Where do I go from here???????
It seems to me that the person I am today is the result of two distinct events, both of which have occurred within the last 5 years. This is not entirely accurate of course; I realize this even as I speak the words to myself. The first event was a lifetime in the making. It was the inevitable outcome of the choices I made, the family I was born into, and the era in which I “came of age.” If this particular conclusion had not been reached, I clearly would have died. I know this. By contrast, the second event was staggering in it’s abruptness. It was unexpected and irrevocable. It sent me reeling, turned me inside out and stood my entire world on edge. There have been times that I thought that dying would be easier. Certainly it would have put an end to the pain, but that option was not mine to take. Since the second event, everything I have ever believed, thought I believed, or wanted to believe has been called into question. I wish more than anything that someone could give me the answers I am looking for, but I am beginning to understand that only death will finally bring me to the truth. There are days when just living with the questions wears me out.
The First Event
My face had just smashed into the concrete steps. My first instinct was to try to get up and in the house so I could wash my bleeding face before anyone saw me. To my surprise, I was unable to push myself up into a standing position. I tried again and again. It should have been easy. I was just sitting on the ground, why wouldn’t my arms work? Why couldn’t I get my legs under me? Finally, I gave up and just sat there and finally, I couldn’t run from the truth anymore. Only later would I understand that this ignominious turn of events was to be the beginning of my salvation.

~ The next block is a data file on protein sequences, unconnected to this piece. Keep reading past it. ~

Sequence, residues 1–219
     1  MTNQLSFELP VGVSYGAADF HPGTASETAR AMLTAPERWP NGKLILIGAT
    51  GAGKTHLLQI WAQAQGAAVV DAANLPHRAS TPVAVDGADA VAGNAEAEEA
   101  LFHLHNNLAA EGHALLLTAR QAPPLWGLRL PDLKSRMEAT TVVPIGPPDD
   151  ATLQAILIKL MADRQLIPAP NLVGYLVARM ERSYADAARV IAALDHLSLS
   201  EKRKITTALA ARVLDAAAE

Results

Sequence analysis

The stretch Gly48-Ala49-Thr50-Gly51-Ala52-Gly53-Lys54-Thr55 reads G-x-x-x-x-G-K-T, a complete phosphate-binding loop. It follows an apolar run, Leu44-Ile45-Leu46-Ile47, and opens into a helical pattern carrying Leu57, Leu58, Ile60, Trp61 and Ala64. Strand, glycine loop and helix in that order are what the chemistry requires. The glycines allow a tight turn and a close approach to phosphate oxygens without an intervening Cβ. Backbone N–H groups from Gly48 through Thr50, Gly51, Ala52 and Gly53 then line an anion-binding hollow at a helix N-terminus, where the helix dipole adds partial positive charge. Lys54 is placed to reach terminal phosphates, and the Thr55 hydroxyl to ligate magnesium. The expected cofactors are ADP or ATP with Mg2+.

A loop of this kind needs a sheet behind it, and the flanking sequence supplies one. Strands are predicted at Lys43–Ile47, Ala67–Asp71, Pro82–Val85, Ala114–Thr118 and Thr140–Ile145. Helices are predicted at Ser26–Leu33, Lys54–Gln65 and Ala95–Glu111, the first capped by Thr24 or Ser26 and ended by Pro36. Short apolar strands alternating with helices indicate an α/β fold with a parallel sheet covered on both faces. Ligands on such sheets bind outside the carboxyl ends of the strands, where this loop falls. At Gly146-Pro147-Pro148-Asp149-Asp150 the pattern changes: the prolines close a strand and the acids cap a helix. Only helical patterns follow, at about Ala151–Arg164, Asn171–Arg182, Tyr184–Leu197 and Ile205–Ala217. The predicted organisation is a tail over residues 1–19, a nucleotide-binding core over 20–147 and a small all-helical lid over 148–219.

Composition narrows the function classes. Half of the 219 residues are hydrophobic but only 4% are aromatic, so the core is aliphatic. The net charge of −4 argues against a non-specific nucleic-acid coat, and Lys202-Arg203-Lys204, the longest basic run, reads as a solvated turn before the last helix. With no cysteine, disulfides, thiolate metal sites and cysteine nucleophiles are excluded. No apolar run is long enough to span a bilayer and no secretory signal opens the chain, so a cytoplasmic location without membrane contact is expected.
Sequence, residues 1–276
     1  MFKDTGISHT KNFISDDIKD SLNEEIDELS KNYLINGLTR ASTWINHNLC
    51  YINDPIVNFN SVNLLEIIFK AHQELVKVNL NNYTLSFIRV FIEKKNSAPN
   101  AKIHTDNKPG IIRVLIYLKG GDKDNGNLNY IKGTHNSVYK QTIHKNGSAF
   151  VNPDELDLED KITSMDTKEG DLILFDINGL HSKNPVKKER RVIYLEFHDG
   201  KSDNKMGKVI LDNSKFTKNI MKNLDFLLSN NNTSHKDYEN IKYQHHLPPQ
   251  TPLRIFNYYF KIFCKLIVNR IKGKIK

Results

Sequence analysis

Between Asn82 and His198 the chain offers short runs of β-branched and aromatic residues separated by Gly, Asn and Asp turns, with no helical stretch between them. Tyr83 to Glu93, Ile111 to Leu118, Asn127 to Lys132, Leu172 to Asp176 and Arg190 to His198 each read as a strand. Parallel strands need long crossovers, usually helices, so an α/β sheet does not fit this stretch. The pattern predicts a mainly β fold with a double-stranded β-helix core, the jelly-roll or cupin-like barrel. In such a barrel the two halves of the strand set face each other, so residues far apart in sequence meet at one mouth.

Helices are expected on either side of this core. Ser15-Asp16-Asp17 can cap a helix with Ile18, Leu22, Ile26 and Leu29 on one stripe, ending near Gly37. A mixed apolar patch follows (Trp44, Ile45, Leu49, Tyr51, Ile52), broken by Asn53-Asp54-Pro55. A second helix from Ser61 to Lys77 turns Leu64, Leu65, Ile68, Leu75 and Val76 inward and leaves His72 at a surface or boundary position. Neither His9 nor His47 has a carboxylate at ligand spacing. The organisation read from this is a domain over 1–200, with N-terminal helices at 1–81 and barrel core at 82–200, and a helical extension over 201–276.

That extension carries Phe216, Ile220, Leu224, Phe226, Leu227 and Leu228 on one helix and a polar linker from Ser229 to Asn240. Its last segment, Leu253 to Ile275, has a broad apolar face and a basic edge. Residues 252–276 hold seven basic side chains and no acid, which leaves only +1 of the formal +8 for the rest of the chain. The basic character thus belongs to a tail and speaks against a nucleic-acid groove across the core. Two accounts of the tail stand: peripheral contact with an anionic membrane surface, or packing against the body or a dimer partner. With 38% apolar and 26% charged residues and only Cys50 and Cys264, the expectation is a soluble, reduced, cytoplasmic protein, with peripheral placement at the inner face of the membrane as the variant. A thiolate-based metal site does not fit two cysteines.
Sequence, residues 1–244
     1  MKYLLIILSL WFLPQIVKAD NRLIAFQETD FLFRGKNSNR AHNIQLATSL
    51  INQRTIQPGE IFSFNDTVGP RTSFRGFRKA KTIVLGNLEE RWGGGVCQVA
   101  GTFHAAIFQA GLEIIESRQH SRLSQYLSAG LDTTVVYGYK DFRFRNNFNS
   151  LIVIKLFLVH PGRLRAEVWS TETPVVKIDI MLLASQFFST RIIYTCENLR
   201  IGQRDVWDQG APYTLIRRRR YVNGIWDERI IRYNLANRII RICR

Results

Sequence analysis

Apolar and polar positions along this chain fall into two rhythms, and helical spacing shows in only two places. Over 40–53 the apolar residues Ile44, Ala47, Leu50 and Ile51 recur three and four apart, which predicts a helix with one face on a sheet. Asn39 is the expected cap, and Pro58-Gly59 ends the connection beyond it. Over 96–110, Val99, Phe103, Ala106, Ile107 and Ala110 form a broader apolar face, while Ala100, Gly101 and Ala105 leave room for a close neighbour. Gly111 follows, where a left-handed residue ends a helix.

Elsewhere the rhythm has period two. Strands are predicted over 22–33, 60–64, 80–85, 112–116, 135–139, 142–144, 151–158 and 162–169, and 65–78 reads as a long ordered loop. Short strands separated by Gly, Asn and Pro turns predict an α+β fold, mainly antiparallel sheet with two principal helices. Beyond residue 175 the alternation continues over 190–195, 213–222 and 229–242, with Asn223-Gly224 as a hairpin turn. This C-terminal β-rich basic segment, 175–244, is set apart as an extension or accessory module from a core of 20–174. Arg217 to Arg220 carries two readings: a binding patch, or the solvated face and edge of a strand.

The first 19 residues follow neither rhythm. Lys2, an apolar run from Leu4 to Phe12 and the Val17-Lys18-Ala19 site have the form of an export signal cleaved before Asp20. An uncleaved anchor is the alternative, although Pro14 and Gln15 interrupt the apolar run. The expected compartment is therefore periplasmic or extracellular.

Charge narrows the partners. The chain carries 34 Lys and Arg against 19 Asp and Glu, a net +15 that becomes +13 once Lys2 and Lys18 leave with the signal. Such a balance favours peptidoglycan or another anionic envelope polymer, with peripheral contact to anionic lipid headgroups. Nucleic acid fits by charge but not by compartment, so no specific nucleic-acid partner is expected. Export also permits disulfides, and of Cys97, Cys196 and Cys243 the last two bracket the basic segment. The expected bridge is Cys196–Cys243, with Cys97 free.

The day had started off innocently enough. It was Easter Sunday, April 16, 1995 and we had just returned home from a large outdoor dinner party at a friend’s home. The children hunted for Easter eggs, and the grownups sipped their cocktails. By the time the day was over, I was pretty well soused. Of course I had primed myself for the party with a couple of drinks before we even left the house. And now, here I was on the ground with no way to escape the thoughts that ran through my head. I began to look at how I came to be in this undignified position.
I grew up as the oldest of four children in Boston. All four of my grandparents were born in Ireland and all but one was dead before I was born. I inherited my father’s eyes and my mother’s hair. I also inherited the family disease of alcoholism. Of course I didn’t know for many years that my parents drinking habits were anything but normal. I just assumed that everyone’s parents drank every day and that voices just naturally got slurred as the evening wore on. Don’t get me wrong, this was not Frank McCourt’s Irish Catholic upbringing by any stretch of the imagination. My father was a blue collar worker who worked his way up to a foreman’s position in the company he started with at the age of 18. He tended to get mellow and quiet when he drank, but I never doubted that he loved me. He was always fair and kind, even if, and possibly because he wasn’t around much. Oh, he was in the house, but he’d come home, have supper and drink a few beers and go to bed early so he could get up at 4:30 a.m. and do it all again. Day after day, year after year until he died an early death at the age of 55.